Watercolor Floor Plans of Pop Culture Homes Are Stunning

We all have our pop culture aesthetics. Some of us would give our right arm to live in a Twin Peaks-inspired living space while some of us would be content to hole up in a Stranger Things-style bedroom. Whether your vibe is Parasite or La La Land, Bulgarian artist Boryana Ilieva has you covered.

The Kim family folds pizza boxes for cash in their underground apartment in Parasite.


We discovered Ilieva and her unique work via LaughingSquid. An architect who worked on homes and condos before shifting her focus to film, she started the Floor Plan Croissant project “to examine cinematic spaces and to take director’s spatial language to her own architectural understanding.” Using her background as an architect, she creates watercolor floor plans from iconic movies and television shows, translating our favorite spaces into beautifully rendered designs.

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Exactly two years ago I closed the PHANTOM THREAD (2017) project. I remember I spent half of 2018 in homage to the mind-blowing films of 2017. Can you believe CALL ME BY YOUR NAME, BLADE RUNNER 2049, and PHANTOM THREAD simply hit us in the same year? How happy must we have been? I even remember how PHANTOM THREAD showed up sneakily in December 2017, then in January it took a bunch of Oscar nominations and none of the normal people in the world had even seen it yet. And then boom! We saw it. And then we saw it again and again. . (I still have those originals here in the studio. Take them!) . . #phantomthread #reynoldswoodcock @phantomthread #danieldaylewis @danielbdaylewis #paulthomasanderson @paulthomasanderson #jonnygreenwood #marktildesley #movies #movielover #ilovemovies @indiewire #indiewire #watercolor @instagram @filmindependent @juxtapozmag #architecturesketch #arch_more @arch_more #archisketcher @arch_grap @architecturesketch #patreon @patreon @artistic_unity_

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Ilieva’s goal is to fill the gap between film and architecture. She reinterprets the interior of pop culture houses by studying the design of each set, as she believes that directors can use floor plans to hide messages or add plot details. Each post on her Instagram feed includes a caption about why she chose to illustrate a particular room or movie, and sometimes there’s even fun trivia.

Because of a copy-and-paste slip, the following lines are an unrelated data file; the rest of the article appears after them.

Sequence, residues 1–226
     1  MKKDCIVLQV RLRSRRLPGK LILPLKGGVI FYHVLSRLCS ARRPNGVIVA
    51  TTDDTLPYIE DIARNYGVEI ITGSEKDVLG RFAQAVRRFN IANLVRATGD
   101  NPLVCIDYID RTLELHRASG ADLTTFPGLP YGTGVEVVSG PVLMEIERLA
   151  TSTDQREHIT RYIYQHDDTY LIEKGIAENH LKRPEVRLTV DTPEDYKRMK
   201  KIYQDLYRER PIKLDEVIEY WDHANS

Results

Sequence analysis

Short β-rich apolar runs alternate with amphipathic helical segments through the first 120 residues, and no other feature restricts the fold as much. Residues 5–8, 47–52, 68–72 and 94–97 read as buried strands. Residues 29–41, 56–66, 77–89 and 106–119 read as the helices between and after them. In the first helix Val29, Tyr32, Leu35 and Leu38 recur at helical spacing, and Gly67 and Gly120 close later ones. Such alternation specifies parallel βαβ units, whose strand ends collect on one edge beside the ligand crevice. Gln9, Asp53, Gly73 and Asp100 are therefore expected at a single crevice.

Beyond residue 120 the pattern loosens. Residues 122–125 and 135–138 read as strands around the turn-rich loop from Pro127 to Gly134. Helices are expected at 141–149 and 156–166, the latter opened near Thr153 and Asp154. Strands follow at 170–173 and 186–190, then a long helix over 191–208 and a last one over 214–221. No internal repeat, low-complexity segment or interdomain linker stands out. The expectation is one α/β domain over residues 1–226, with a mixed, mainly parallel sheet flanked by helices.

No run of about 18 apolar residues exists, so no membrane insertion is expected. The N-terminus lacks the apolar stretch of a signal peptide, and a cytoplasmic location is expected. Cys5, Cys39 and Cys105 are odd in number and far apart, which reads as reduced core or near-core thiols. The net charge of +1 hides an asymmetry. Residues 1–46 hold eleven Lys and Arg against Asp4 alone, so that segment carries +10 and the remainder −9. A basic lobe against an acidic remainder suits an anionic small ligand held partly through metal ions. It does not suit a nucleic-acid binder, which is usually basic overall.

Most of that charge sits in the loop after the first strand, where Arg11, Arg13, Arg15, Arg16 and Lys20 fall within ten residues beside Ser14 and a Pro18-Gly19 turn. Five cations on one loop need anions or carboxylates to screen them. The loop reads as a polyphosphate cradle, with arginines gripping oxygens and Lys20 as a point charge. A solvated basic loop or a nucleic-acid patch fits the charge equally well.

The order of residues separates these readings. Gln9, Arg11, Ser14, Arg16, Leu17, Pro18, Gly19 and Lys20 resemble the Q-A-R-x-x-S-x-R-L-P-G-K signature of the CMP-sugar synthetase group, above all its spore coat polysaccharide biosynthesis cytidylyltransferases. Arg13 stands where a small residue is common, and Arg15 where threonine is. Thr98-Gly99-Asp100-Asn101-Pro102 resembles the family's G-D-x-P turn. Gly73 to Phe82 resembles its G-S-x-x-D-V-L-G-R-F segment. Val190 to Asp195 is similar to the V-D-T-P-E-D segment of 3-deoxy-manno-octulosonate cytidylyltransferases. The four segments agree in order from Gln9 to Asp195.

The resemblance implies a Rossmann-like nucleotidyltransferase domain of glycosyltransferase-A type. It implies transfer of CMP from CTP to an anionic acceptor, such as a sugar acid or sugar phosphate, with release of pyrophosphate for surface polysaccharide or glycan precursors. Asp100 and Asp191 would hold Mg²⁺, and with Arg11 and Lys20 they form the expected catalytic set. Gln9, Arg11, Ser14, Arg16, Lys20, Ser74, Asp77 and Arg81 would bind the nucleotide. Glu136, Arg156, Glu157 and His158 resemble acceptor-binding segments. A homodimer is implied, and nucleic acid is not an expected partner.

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TWIN PEAKS, the home of Laura Palmer Hey guys, as some of you may know, I am one of the biggest fans of Twin Peaks on Earth. I have more of the symptoms of a sick fan: I’ve suffered depression after agent Cooper was taken away from me at the end of Season 2, I’ve seen Season 3 ‘The Return’ two times (episode 8—four times), I’ve painted Laura Palmer’s home in plan view (both levels) and in section view, I’ve studied the house and discovered Lynch changed the house after the pilot. But what I want to share with you here is that at the end of October 2019 something hilarious happened. A young fellow named Rosseter posted a 4-hour long video on YouTube where he laid out his theory on what Twin Peaks is about. I recommend it to all of you Twin Peaks people out there, pour some black coffee, put the curtains down, sit and watch it because Twin Peaks gets 10 times better after getting really to know David Lynch’s intentions, which I believe Rosseter decoded 90%. I promise you: white horse explained, Season 3 (especially last episode) explained, Major Briggs, the Arm, the green ring, the owl, Black and White Lodges, Mike, Bob and the Little Man, Judy, Audrey, all these and more explained. Just type on Youtube: Twin Peaks ACTUALLY EXPLAINED (No, Really). Let me know in the comments what you think! #twinpeaks #rosseter #twinperfect

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According to her website, Ilieva credits her love of film to iconic directors such as Hitchcock and Kubrick. That influence is translated in the designs she chooses to focus on. In addition to recent pop culture hits like Netflix’s Stranger Things and critical cinema darlings like JoJo Rabbit, she has created rooms from films by Wes Anderson and Kubrick’s Eyes Wide Shut.

Ilieva has numerous unique designs to explore, from Call Me By Your Name to Room, but our favorite might be a house from Bong Joon Ho’s Parasite. She details exactly why the director had to create the shape of the house and some of the more interesting reasons include “the second-floor hallway needs to offer hiding niches” and “people should be able to spy on each other, easily listening to conversations without being seen.”

If you’re interested in adding some unique architecture to your own home, you can buy prints of Ilieva’s work from her Society6 page. While we’re not sure when we can sit in a movie theater again, these floor plans are a fun way to capture the magic of cinema that we’re so sorely missing.

Featured Image: Neon